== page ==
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I've got a C# program with lots (let's say around a thousand) opened TcpClient objects. I want to enter a state which will wait for something to happen for any of those connections.

I would rather not launch a thread for each connection.

Something like...

while (keepRunning)
{
     // Wait for any one connection to receive something.
     TcpClient active = WaitAnyTcpClient(collectionOfOpenTcpClients);

     // One selected connection has incomming traffic. Deal with it.
     // (If other connections have traffic during this function, the OS
     // will have to buffer the data until the loop goes round again.)
     DealWithConnection(active);
}

Additional info:
The TcpClient objects come from a TcpListener.
The target environment will be MS .NET or Mono-on-Linux.
The protocol calls for long periods of idleness while the connection is open.

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1  
In Unix world you would use select syscall to do this. I'm sure there's some analog in Windows. –  Victor Sorokin Apr 4 '11 at 17:02
1  
Your assumption of a "thread for each connection" is flawed. Thread pools coupled with APM methods are the way to go with this kind of problem. Just a few threads can service many many clients. This answer I gave should prove informative: stackoverflow.com/questions/3153959/… –  spender Apr 4 '11 at 17:11
    
@spender - You suggest I BeginRead all ~1000 TcpClients and deal with any traffic in the call-back? If you want to write that into an answer I'll accept it. –  billpg Apr 4 '11 at 17:24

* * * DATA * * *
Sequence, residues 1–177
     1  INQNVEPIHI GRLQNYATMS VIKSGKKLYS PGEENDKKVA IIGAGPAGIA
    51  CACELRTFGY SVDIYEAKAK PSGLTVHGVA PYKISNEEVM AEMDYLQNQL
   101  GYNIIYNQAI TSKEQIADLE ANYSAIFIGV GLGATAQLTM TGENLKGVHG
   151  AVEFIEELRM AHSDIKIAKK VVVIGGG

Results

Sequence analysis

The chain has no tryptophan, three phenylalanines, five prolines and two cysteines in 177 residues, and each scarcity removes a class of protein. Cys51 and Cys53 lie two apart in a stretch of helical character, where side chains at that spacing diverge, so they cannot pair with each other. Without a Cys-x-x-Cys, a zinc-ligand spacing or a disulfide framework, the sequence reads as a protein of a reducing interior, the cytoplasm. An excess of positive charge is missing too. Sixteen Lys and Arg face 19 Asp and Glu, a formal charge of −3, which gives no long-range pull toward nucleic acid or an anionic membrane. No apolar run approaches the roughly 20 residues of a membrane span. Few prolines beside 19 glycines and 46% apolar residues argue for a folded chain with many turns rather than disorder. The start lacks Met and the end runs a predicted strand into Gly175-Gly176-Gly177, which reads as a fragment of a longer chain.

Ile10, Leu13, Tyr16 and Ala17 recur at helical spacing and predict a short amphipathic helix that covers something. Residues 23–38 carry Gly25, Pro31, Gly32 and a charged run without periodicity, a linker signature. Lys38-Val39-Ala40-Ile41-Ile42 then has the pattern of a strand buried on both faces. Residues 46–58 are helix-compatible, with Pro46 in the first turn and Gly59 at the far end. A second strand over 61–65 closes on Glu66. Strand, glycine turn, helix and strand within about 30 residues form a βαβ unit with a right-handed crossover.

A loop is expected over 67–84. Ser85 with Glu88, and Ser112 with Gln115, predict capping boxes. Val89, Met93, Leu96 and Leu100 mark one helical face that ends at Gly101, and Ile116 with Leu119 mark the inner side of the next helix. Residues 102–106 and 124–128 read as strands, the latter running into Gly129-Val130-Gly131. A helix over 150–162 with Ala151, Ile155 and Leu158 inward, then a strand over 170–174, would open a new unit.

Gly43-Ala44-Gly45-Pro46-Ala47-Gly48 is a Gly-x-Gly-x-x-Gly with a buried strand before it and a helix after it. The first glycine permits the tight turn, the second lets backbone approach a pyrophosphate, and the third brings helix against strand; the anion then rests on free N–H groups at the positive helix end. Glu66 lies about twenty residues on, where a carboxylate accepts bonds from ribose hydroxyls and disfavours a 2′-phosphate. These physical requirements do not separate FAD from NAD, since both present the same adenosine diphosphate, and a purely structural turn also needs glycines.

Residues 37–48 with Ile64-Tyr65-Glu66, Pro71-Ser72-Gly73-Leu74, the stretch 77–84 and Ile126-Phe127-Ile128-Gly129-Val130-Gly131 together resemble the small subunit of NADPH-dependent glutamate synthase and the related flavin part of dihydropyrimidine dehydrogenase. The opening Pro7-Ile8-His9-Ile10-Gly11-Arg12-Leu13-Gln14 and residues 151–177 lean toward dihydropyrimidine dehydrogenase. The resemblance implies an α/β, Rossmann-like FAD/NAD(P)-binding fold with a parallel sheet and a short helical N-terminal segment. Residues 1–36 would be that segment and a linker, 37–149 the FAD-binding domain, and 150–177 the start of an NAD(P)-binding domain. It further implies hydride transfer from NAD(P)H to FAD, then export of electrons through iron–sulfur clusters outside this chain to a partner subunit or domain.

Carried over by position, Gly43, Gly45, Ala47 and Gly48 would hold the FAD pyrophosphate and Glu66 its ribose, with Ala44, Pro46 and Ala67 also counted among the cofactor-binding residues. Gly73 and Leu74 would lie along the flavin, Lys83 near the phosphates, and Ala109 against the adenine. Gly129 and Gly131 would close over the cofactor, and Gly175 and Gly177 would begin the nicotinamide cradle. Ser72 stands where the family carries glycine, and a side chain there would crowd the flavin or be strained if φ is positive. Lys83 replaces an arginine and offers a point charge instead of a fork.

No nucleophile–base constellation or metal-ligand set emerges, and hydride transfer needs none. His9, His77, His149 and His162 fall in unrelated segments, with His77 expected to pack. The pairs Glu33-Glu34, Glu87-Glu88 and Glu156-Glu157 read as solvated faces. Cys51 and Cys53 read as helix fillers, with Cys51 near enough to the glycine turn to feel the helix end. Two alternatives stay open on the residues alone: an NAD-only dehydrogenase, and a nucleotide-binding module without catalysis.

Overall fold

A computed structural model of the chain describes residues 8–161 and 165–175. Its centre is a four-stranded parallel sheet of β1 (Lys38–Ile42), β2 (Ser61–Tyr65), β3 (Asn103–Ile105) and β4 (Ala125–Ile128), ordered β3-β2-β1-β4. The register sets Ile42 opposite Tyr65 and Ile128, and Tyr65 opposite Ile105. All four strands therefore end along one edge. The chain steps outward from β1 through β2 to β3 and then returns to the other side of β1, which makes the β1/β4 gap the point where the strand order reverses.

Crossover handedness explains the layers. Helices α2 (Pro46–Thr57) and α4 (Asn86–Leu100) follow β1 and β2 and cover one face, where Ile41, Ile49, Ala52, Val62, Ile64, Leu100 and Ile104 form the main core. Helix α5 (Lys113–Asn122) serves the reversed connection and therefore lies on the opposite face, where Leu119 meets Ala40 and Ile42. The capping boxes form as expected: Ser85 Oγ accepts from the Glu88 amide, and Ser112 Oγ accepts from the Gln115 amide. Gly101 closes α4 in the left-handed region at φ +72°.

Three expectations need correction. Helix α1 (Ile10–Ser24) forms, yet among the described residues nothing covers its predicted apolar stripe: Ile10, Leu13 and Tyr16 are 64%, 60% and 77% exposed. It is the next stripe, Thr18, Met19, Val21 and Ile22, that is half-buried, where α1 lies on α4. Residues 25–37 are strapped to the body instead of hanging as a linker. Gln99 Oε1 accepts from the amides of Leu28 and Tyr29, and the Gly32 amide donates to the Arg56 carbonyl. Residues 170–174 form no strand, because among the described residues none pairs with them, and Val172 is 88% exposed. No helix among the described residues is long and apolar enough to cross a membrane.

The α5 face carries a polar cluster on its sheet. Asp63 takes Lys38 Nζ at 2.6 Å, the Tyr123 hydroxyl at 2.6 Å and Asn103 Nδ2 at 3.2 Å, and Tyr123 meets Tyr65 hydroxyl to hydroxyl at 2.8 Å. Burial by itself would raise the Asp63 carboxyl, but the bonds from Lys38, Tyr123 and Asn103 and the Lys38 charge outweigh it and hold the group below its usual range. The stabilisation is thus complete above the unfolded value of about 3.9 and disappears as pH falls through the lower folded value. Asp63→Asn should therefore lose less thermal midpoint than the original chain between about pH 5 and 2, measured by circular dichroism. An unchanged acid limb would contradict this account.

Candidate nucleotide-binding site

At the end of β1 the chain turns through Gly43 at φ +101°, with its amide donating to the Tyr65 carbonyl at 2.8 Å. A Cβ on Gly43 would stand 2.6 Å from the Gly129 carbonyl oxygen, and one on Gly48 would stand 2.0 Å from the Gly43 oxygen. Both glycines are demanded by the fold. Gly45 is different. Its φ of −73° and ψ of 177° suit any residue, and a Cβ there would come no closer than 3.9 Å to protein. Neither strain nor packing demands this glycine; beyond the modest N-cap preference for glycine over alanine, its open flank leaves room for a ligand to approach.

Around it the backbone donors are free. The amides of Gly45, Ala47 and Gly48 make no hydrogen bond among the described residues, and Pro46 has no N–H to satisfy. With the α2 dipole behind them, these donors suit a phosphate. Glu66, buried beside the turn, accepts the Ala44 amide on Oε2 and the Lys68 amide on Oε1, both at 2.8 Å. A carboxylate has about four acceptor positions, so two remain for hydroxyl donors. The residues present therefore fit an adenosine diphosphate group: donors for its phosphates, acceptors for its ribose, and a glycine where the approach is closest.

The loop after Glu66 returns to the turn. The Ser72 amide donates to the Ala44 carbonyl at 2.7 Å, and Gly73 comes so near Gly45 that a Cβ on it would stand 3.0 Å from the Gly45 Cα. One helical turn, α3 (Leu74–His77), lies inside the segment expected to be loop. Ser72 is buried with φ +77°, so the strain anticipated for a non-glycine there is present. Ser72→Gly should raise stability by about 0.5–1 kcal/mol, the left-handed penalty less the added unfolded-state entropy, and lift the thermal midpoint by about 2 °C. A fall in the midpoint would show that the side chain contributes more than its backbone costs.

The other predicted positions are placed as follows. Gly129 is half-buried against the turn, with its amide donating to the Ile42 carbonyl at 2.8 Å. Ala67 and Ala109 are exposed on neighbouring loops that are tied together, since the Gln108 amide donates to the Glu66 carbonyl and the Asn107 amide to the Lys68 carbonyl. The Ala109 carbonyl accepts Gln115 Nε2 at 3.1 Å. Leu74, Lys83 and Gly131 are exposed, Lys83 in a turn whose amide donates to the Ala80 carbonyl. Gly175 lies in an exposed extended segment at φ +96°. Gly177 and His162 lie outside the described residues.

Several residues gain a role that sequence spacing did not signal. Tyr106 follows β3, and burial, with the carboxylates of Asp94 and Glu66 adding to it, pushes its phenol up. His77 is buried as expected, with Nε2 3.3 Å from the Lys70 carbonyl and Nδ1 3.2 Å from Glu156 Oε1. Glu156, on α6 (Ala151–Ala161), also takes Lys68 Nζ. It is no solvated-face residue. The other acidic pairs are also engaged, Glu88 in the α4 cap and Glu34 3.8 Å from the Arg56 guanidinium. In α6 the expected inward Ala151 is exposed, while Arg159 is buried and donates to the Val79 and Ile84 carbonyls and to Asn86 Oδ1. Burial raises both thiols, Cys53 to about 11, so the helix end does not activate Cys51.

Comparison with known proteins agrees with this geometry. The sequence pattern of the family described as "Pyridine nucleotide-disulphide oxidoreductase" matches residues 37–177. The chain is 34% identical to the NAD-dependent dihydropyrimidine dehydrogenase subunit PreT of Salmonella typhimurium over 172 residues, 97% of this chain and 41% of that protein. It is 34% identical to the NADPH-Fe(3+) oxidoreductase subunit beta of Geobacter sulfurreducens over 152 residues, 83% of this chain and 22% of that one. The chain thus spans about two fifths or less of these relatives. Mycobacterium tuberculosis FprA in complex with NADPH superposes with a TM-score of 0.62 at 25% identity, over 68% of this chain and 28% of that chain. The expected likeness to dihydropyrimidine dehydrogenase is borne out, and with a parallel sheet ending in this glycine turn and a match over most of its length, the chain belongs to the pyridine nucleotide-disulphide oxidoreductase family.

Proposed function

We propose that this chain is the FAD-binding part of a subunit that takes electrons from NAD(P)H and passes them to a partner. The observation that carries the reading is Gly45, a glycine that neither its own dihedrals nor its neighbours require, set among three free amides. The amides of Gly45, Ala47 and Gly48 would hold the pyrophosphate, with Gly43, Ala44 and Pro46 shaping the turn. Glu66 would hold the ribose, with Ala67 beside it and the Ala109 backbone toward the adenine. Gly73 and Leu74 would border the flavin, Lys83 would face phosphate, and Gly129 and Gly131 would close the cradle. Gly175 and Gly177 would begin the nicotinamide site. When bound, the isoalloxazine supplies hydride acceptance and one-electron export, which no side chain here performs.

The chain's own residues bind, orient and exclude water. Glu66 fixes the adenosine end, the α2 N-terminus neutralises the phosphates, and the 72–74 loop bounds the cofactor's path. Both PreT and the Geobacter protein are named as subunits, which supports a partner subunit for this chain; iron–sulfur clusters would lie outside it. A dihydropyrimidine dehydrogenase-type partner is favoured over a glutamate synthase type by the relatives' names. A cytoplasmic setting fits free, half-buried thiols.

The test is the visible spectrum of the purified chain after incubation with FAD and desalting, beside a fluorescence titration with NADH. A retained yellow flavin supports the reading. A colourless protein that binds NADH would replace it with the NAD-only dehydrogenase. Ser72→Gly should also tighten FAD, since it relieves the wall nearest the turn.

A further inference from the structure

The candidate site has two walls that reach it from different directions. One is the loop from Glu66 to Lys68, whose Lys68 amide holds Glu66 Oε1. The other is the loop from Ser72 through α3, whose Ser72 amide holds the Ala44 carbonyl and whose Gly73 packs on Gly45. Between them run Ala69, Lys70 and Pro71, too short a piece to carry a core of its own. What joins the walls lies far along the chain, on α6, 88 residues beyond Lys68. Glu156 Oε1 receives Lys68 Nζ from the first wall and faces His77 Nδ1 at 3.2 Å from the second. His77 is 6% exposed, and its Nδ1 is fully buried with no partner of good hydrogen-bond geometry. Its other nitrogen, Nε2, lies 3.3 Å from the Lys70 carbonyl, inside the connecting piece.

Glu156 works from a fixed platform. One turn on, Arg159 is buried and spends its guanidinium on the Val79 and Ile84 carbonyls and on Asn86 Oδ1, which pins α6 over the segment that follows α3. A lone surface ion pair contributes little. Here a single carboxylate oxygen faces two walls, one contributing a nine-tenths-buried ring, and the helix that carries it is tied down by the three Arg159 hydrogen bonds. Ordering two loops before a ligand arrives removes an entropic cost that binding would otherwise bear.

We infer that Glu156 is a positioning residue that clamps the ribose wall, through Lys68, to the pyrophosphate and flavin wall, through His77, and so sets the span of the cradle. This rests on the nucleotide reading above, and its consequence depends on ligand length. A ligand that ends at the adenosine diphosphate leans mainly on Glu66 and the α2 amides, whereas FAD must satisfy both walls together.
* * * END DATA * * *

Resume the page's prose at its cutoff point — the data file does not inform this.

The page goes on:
1 Answer 1

up vote 2 down vote accepted

What you're trying to do is called an Async Pattern in Microsoft terminology. The overall idea is to change all I/O blocking operations to non-blocking. If this is done, the application usually needs as many system threads as there are CPU cores at the machine.

Take a look at Task Parallel Library in .Net 4: http://msdn.microsoft.com/en-us/library/dd460717%28VS.100%29.aspx

It's a pretty mature wrapper over the plain old Begin/Callback/Context .Net paradigm.

Update:

Think about what to you will do with the data after you read from the connection. In real life you probably have to reply to the client or save the data to a file. In this case you will need some C# infrastructure to contain/manage your logic and still stay within a single thread. TPL provides it to you for free. Its only drawback is that it was introduced in .Net 4, so probably it's not in Mono yet.

Another thing to consider is connection's lifetime. How often your connections are opened/closed and how long do they live? This is important because accepting and disconnecting a TCP connection requires packet exchange with the client (which is asynchronous by nature, and moreover - a malicious client may not return ACK(-nowledged) packets at all). If you think this aspect is significant for your app, you may want to research how to handle this properly in .Net. In WinAPI the corresponding functions are AcceptEx and DisconnectEx. Probably they are wrapped in .Net with Begin/End methods - in this case you're good to go. Otherwise you'll probably have to create a wrapper over these WinAPI calls.

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